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I just got a gut wrenching phone call from my neice

post #1 of 21
Thread Starter 
My neices called my crying, my brother was drunk... again, and screaming at his wife for refusing to buy him more beer. I could hear them yelling in the background. They do not live near me, a 2.5hr plane ride away, I feel so helpless!

I know my bro is an alcholoic, I just don't know how to help him realize this for himself and get help! I don't know what to do, I'm heartbroken... They have never called me before,she said he's been getting worse. She swore to me that he has never hit anyone in the house, but I think verbal abuse is worse sometimes.....

I just wish there was SOMETHING I could do. (PS child services has already been through a through investigation, and it has been deemed a fit household)

Any and all advice would be apreciated.
post #2 of 21
Poor girls. It's hard to grow up in a household like that. I don't have any advice, sorry.

Either the wife will have to cut her losses and leave with the girls or your brother will have to want to stop drinking. No one else can make him do it.
post #3 of 21
Thread Starter 
Quote:
Originally Posted by strange_wings View Post
Either the wife will have to cut her losses and leave with the girls
I've suggested that to her many times over the last 12 years or so that they have been married I just wish there was something I could do....
post #4 of 21
The only thing you can do is to offer shelter for her and her kids for a while....
post #5 of 21
Thread Starter 
Quote:
Originally Posted by carolinalima View Post
The only thing you can do is to offer shelter for her and her kids for a while....
Been there, done that, even tried to get them to move near me, it almost worked till the found out the rent rates in the area I live in!

I'm glad my neices know that they can at least call me, no matter what...
post #6 of 21
Quote:
Originally Posted by sillyitiliangrl View Post
Been there, done that, even tried to get them to move near me, it almost worked till the found out the rent rates in the area I live in!

I'm glad my neices know that they can at least call me, no matter what...
yeah.... you can offer, but they need to accept it, right? I hope things turn around soon... that's no way to live...
post #7 of 21
Quote:
Originally Posted by sillyitiliangrl View Post
I just wish there was something I could do....
Hope for a miracle? Hypnosis? Wish that aliens would abduct him? There's nothing you can do for your brother. Unless you and the family could somehow prove that he was a danger to himself and others and not in his right mind and have him committed into a rehab hospital somewhere...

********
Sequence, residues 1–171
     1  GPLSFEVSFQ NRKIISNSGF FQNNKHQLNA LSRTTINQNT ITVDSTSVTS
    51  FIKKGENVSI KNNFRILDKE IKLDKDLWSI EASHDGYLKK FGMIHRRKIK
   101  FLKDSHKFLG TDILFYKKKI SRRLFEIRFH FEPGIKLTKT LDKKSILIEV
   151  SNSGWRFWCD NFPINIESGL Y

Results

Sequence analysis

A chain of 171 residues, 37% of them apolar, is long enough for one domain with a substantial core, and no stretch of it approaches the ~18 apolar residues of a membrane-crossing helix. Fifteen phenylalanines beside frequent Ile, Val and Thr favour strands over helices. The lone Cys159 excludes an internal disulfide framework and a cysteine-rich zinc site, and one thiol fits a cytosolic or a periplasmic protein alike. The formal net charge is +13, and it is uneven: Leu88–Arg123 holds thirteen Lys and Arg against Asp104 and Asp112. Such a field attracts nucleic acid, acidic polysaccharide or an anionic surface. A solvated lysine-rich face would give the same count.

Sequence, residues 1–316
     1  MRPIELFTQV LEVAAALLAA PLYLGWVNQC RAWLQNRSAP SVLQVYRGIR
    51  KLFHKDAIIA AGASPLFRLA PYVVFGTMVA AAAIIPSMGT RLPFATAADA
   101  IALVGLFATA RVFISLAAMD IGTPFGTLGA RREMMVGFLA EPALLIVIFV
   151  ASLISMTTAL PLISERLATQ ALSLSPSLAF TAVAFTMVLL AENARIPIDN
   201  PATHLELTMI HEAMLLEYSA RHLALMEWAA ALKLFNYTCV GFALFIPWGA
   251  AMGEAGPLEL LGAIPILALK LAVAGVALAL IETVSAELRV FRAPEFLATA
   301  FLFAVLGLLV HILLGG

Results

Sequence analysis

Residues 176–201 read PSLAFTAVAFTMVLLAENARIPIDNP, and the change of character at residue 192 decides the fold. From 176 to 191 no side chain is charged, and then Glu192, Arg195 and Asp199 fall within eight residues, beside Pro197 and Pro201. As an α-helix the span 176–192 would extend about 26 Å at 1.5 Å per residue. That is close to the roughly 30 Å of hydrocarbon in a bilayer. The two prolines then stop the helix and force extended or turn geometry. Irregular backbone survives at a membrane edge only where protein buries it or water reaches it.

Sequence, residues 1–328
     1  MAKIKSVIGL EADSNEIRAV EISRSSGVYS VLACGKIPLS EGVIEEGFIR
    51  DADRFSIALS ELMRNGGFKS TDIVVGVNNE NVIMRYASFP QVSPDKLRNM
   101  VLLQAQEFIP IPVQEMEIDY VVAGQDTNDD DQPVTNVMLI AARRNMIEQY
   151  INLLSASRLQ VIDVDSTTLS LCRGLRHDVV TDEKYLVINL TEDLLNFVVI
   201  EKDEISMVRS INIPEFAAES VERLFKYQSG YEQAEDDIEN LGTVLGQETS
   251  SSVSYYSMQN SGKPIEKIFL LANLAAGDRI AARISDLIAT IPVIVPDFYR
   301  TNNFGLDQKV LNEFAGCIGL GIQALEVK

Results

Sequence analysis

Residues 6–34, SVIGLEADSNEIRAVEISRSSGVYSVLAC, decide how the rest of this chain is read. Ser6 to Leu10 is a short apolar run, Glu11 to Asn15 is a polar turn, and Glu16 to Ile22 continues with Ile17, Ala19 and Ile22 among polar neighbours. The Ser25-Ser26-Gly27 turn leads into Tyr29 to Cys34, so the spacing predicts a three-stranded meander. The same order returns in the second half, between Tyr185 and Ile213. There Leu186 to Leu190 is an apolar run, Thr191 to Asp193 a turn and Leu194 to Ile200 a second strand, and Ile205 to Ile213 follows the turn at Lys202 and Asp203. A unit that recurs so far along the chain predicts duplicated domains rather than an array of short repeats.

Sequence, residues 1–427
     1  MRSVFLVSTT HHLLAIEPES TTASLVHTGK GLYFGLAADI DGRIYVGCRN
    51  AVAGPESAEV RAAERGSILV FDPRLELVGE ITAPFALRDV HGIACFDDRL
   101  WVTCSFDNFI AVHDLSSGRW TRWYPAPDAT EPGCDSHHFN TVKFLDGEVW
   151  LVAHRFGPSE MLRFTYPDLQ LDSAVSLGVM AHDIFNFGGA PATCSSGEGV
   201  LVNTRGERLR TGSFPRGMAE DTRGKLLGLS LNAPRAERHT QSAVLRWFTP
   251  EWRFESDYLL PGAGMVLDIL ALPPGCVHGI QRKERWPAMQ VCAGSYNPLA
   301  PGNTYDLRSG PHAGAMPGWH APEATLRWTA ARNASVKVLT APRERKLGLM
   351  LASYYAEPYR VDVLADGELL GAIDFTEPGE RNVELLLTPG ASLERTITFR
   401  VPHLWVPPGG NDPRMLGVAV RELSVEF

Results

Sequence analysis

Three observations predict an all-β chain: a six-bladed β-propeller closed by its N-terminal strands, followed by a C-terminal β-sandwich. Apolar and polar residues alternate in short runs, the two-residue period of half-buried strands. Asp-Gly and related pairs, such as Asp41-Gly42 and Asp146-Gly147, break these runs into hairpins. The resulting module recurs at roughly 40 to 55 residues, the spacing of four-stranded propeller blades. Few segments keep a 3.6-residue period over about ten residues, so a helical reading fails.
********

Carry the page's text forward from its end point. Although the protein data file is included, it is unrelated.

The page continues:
How long has he been drinking, btw? If for those 12 years or more he may not even be able to stop without medical assistance. Like other drugs the body can get addicted to alcohol in such a way that a person can have serious (and even deadly) withdrawals if they try to suddenly quit.

Probably not info you want to know... but if he's truly that bad, a hospital may be the only way.
post #8 of 21
Thread Starter 
Quote:
Originally Posted by strange_wings View Post
How long has he been drinking, btw?
He probally started when he was 16 (long story, but he was not living at home)... hes now 36...
post #9 of 21
^ Oh dear...

M father is an alcoholic, too. BTW. He used to drink harder liquors when I was a kid and would also drink till he was quite drunk even if he was just drinking beer. It's hard to grow up around that.
He still drinks, but just beer now. I'd like to say it was just a few a night but he still drinks till he's completely drunk at least once or twice a week. I know he's had issues with depression for years and age + alcohol are starting to really mess with his memory.

I'm sure your nieces love their father. Verbal abuse aside, it's really difficult to watch a person constantly do this to themselves. I'm sure it's hard on you, too.


Aside from my health issues making any alcohol a very stupid idea, having an alcoholic father has made it so that I won't touch the stuff. I honestly view it as just as bad as any hard drug, worse because it's legal..
post #10 of 21
I know in Canada, you can make someone go into a rehab facility for up to 3 days without their permission. You'll have to look at the laws in the state he is in but I am sure there is some way to force him into a hospital if that is what you'd like.

My bestfriend is an alcoholic and after spending 3 years with her going farther and farther down her dark hole (spending all my spare time at her house or near her house to make sure I could get there very fast if she did anything, picking her up off the floor when she was too drunk, taking her keys, cleaning her puke, covering for her at work so she kept her job) that eventually I had to get out of it. It still breaks my heart but last I heard, after all her other friends did the same and her husband left her, that she went to rehab. Maybe the best bet is to try and convince his wife to get out for awhile. I know you can't make her, but if she leaves and he realizes no one is going to pick him up and tell him it's okay, he will change. He has to do it for himself, not for anyone else.
post #11 of 21
My brother now is a recovering alcholic, but before that it was pretty bad, the only good thing was he was single when this was going on. He stopped drinking, because he had no money for it and had the D T's. He was imagining all kinds of things, it was awful. We had to call the polce not because he was violent towards other people but we were afraid he would hurt himself. They said unless he wanted help there was nothing they could do, even though he could have hurt himself there was still nothing we could do but watch him, we had to make sure he was getting orange juice into him, it wasn't until he went unconscious, then we were able to get him help. I believe people should have rights but in this case it was over done.

He lived in New York at the time. My Prayers and thoughts are with you and your family.
post #12 of 21
Quote:
Originally Posted by Zuma-xo View Post
I know in Canada, you can make someone go into a rehab facility for up to 3 days without their permission.
Could you explain more? (If you know) How do you involuntarily commit someone? Presumably you need a doctor on board?